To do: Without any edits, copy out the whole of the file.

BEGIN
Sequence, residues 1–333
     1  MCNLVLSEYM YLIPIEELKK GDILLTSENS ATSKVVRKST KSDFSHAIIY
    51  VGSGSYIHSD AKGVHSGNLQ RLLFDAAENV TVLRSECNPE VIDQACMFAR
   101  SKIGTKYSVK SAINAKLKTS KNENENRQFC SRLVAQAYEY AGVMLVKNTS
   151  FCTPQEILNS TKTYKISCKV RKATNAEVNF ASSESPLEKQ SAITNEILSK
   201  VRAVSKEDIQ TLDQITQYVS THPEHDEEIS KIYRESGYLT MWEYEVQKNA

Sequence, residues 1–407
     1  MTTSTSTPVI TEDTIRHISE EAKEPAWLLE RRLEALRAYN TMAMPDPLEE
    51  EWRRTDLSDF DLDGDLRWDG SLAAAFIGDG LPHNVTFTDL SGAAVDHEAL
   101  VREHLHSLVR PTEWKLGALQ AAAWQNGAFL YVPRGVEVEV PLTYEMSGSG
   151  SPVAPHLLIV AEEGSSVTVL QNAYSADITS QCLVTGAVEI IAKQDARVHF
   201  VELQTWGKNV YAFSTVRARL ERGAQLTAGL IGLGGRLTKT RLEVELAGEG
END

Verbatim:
Sequence, residues 1–333
     1  MCNLVLSEYM YLIPIEELKK GDILLTSENS ATSKVVRKST KSDFSHAIIY
    51  VGSGSYIHSD AKGVHSGNLQ RLLFDAAENV TVLRSECNPE VIDQACMFAR
   101  SKIGTKYSVK SAINAKLKTS KNENENRQFC SRLVAQAYEY AGVMLVKNTS
   151  FCTPQEILNS TKTYKISCKV RKATNAEVNF ASSESPLEKQ SAITNEILSK
   201  VRAVSKEDIQ TLDQITQYVS THPEHDEEIS KIYRESGYLT MWEYEVQKNA

Sequence, residues 1–407
     1  MTTSTSTPVI TEDTIRHISE EAKEPAWLLE RRLEALRAYN TMAMPDPLEE
    51  EWRRTDLSDF DLDGDLRWDG SLAAAFIGDG LPHNVTFTDL SGAAVDHEAL
   101  VREHLHSLVR PTEWKLGALQ AAAWQNGAFL YVPRGVEVEV PLTYEMSGSG
   151  SPVAPHLLIV AEEGSSVTVL QNAYSADITS QCLVTGAVEI IAKQDARVHF
   201  VELQTWGKNV YAFSTVRARL ERGAQLTAGL IGLGGRLTKT RLEVELAGEG